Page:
CROSSBOW: Bloodnight – Review
Follow Genre: Arcade, First person shooter
Developer: Hyperstrange
Publisher: Hyperstrange
Platform: Switch, PC
Tested on: Switch

CROSSBOW: Bloodnight – Review

Site Score
Good: Fun and addictive gameplay
Bad: Limited appeal outside its niche audience
User Score
(2 votes)
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VN:F [1.9.22_1171]
Rating: 8.0/10 (2 votes cast)

It’s no secret that the Switch library has a few real stinkers. Sometimes, however, a title that appears less than impressive at first glance turns out to be a diamond in the rough. Developer Hyperstrange, known for POSTAL: Brain Damaged and ELDERBORN, is bringing its niche title CROSSBOW: Bloodnight to the Switch, and this just might be one of those titles that surprise you. 


Apart from a two line blurb near the beginning of the game, that serves no purpose other than emphasizing how powerful a crossbow is, there is no story present in-game. Outside of the game, the eShop description actually makes a bigger attempt at fleshing out the backstory of CROSSBOW: Bloodnight, but this information never materializes inside the game, which is what really counts. 


When it comes to visuals, CROSSBOW: Bloodnight manages to surpass expectations. While the in-game monster models aren’t particularly impressive, any lack of detail is obscured by the fast-paced nature of the game and the fantastic lighting. This is an excellent example of a game overcoming its graphical weaknesses in clever ways. One thing that did take some getting used to is the fish-eye like distortion that is present when moving your character. This can be a bit disorienting while you’re still getting to grips with the game, but once you’re used to it, it’s barely noticeable. 


Accompanying you during your massacre of the undead is a dramatic soundtrack that sounds like it was ripped straight from a cheesy horror movie. It’s appropriate background music for an over the top game like this. Interspersed among the choir-laden OST are the blood-curdling screams of the monsters that continuously attack you. The fidelity of these sound effects could have been upped a little but overall the game’s soundscape is passable. 


CROSSBOW: Bloodnight’s concept is as simple as it is efficiënt: you are dropped in an arena, armed with nothing but your trusty automatic crossbow. Waves upon waves of enemies will spawn and your task is to survive as long as possible. When you meet your untimely but inevitable demise, you’ll be scored according to how long you survived, how accurate you were with your crossbow and how many enemies you managed to drag with you to the afterlife. Based on your performance, you’ll then see how you rank on the leaderboards. CROSSBOW: Bloodnight’s biggest shortcoming is in its limited appeal. This is a niche title that more than likely won’t find a lot of resonance with a mainstream audience. That is okay, however, because if you happen to be in the niche that CROSSBOW: Bloodnight is aimed at, then you’ll absolutely love this game. Even so, this is a game that is best enjoyed in short bursts. Developer Hyperstrange took a simple idea and ran with it, but the downside is that this title lacks any real depth and there is very little to do outside climbing up the ranks of the leaderboards.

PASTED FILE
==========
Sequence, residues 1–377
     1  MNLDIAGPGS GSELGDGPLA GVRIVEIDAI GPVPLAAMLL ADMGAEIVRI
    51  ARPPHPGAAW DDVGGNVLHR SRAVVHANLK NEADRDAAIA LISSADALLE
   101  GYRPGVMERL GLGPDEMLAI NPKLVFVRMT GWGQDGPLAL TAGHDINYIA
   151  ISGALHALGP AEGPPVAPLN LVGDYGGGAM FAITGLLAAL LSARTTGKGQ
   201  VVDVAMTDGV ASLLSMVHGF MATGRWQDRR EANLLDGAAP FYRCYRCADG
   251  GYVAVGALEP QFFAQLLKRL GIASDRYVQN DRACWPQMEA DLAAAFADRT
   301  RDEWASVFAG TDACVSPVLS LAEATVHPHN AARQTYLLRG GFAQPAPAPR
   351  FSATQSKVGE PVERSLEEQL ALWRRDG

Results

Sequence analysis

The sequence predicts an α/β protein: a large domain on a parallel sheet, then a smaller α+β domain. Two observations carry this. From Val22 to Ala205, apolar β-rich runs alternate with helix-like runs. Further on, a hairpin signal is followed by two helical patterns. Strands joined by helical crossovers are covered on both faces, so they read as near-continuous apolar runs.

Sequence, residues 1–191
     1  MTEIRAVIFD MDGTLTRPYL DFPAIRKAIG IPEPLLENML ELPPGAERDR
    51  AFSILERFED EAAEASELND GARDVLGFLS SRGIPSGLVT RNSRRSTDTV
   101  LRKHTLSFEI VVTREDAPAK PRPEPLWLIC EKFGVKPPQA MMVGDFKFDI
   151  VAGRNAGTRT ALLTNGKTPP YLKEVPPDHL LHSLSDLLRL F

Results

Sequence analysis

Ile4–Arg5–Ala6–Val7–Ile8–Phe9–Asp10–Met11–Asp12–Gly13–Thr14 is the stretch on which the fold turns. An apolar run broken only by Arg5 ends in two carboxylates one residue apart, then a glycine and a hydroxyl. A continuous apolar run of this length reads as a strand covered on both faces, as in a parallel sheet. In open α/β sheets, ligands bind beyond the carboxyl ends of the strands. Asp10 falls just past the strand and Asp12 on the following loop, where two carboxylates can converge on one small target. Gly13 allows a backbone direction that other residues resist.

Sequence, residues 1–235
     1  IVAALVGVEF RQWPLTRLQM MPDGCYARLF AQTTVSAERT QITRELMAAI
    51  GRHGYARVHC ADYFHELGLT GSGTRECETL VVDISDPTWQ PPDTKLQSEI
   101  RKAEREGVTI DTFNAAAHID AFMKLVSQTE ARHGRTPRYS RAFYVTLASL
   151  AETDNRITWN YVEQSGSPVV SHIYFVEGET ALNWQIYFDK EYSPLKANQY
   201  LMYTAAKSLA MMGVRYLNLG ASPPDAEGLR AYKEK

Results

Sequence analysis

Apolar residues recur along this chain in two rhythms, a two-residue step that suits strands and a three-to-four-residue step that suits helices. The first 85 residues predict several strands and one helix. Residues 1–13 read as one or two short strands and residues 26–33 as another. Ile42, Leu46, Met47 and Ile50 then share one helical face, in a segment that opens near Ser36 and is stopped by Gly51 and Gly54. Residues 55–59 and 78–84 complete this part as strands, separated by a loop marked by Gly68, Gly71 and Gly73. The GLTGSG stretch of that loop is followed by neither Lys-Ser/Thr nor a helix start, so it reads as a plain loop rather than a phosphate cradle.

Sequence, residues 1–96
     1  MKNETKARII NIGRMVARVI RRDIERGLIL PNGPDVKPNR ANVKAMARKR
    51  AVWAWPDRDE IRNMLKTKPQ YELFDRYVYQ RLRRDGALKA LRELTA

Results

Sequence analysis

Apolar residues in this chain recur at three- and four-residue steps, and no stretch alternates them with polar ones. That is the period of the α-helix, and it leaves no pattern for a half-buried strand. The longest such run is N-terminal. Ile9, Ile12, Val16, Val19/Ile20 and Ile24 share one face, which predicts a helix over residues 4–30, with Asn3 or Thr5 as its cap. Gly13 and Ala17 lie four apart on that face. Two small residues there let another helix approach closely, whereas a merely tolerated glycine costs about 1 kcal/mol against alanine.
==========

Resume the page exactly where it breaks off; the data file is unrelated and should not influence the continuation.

Make no mistake though: despite the seeming simplicity, CROSSBOW: Bloodnight is challenging, addictive and most importantly, fun. The game wastes no time with tutorials, instead relying on you to figure out how things work for yourself. Thankfully, the limited scope of the game’s concept means that the control scheme leaves no wiggle room for overcomplicated actions. You move and aim using the control sticks, and use the right trigger button to shoot your crossbow. Apart from that, you can dash and jump. The crossbow’s ammo is unlimited but don’t think you’ll be able to beat the leaderboards simply by spamming arrows because as we mentioned before, you are also scored based on the accuracy of your shots. There is limited tactical depth here. You’re able to power up your crossbow by siphoning the spirits of your prey, as well as unleash more powerful charged attacks that have a cooldown and are best used at key opportunities. 

Don’t underestimate the game’s difficulty either. CROSSBOW: Bloodnight is a brutal game and you’ll be lucky to survive more than a few minutes. You only have a limited field of vision and enemies will spawn and attack from all directions. While your character can take a few hits, you’re not able to recover health and it is very easy to get overwhelmed. Speaking of enemies, there is a decent variety present here, especially given how short a typical game is. While the roster only boasts six enemy types, most players won’t encounter all six in a single playthrough. Enemies range from the ubiquitous zombies, to clouds of bats and grotesque fleshy cyclopian monsters.


CROSSBOW: Bloodnight is an example of a game where a developer takes a singular concept and just runs with it, with good results. The game might be shallow, but it’s also fast-paced, fun and addictive. We would’ve appreciated it if developer Hyperspace had put a little more effort in actually adding the backstory that is found on the eShop into the game, but that’s a minor gripe. Overall, you’re looking at a game that is well worth your time and money, especially if you happen to be in the niche that the game is aimed at.

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Rating: 8.0/10 (2 votes cast)
VN:F [1.9.22_1171]
Rating: -1 (from 1 vote)
CROSSBOW: Bloodnight - Review, 8.0 out of 10 based on 2 ratings

1 Comment

  1. | LOUD – Review
    August 24, 2022, 00:01

    […] Hyperstrange is probably best known for rather violent games like POSTAL: Brain Damaged and CROSSBOW: Bloodnight. Their latest title, LOUD, seems like an oddity in their lineup: it’s basically a cross between […]

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